Douglas stood like a prophet, eyes closed. He waited until the night had fallen and the old School grew quiet, and then he left. Ithaca faded like a dream in rearview mirrors in the dark. But its spirit had taken up residence in him once more and forever. He drove with real freedom now, through the wild beating heart of the forest, towards the city again, towards the airport. He would see all the world for the first time and stay only long enough so that he was familiar, and then once he had seen it all he would go see the world again, and know every place like a father knows his prodigal son. He would be terrible earth-father, knower of the cities and the spaces between; cursed, blessed, white-bearded wanderer, ephemeral and eternal lord of place. And on his dying day he would come home again, and she would be looking out from every window, and he would be forgiven.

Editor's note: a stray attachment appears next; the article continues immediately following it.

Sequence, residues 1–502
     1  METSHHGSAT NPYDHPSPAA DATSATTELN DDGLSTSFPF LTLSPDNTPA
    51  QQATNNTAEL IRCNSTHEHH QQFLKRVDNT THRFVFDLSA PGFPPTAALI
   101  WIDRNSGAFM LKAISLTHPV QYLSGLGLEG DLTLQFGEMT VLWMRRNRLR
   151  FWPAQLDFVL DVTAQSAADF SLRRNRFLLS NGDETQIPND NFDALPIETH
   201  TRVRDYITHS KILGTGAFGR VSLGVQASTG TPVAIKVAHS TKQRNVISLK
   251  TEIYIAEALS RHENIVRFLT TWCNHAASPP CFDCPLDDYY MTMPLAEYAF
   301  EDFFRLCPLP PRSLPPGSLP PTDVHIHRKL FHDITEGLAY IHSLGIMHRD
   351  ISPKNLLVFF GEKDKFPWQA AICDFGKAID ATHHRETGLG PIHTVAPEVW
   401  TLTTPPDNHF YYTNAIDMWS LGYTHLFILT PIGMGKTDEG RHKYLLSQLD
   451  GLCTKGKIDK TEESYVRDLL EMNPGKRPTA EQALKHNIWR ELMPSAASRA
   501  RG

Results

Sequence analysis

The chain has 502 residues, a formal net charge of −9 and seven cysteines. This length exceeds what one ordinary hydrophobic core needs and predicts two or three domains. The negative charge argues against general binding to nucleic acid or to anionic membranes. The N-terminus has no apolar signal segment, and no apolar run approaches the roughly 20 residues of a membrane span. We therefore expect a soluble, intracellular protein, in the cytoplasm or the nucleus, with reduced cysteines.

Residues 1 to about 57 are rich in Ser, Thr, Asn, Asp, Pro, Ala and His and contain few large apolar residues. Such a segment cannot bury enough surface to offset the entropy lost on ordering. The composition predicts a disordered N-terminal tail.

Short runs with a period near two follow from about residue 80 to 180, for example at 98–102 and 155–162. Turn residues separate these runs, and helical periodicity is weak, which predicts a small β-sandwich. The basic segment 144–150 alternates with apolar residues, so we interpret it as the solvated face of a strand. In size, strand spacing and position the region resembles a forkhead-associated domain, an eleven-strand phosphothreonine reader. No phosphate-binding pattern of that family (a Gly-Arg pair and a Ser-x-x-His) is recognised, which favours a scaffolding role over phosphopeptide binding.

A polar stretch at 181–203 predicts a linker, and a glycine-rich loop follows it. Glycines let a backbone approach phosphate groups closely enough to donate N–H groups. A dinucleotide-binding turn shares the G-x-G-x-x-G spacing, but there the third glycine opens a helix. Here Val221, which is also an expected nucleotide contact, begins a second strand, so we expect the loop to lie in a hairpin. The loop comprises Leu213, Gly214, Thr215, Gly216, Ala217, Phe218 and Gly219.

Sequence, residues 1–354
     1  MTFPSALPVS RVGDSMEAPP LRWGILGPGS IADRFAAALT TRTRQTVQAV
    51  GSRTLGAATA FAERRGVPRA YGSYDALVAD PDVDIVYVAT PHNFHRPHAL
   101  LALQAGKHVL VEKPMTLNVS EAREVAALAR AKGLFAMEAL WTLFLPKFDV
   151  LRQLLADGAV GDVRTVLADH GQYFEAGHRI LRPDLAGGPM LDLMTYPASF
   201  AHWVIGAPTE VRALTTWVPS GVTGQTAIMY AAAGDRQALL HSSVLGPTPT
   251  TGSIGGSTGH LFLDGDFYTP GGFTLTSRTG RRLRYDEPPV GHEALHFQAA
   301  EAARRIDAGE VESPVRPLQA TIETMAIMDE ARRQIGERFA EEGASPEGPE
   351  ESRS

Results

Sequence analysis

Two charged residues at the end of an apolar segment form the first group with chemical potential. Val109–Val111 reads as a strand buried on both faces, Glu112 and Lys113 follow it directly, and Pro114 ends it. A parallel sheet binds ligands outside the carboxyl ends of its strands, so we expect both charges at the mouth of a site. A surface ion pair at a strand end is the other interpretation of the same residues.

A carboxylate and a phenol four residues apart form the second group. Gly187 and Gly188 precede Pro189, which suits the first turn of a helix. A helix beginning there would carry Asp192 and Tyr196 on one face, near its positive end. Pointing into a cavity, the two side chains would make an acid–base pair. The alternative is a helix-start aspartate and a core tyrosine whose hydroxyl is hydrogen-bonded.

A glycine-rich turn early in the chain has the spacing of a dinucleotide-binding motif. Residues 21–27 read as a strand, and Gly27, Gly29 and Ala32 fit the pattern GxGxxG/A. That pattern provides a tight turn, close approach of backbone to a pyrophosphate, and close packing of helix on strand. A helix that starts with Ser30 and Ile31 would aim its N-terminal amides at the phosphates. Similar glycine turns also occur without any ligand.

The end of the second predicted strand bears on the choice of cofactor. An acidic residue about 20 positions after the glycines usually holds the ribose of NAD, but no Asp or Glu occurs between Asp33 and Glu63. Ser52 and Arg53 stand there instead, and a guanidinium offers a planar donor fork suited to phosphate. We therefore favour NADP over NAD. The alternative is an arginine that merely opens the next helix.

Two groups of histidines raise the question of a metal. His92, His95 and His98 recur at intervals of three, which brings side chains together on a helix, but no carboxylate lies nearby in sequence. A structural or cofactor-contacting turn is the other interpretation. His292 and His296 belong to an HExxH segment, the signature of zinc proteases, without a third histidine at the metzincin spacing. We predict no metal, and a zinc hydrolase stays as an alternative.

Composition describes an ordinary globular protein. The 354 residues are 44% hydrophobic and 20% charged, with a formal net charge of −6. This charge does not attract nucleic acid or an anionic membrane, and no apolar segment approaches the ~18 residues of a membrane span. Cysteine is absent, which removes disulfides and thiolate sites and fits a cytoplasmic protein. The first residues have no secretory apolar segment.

BIO: Nicholas J Burns is a writer and outdoorsman. He has been writing ever since fourth grade, when he wrote a full-length fantasy novel with a premise with an uncanny resemblance to the popular show Avatar: The Last Airbender. Not counting this book, he has written two novels as well as assorted short stories and poetry. He enjoys mountain-climbing, kayaking, and backpacking around Ventura, California, where he lives. His work often incorporates themes of familiarity of place, memory, and implications of creation. Scraps from his writing pad can be found at book-ended.tumblr.com.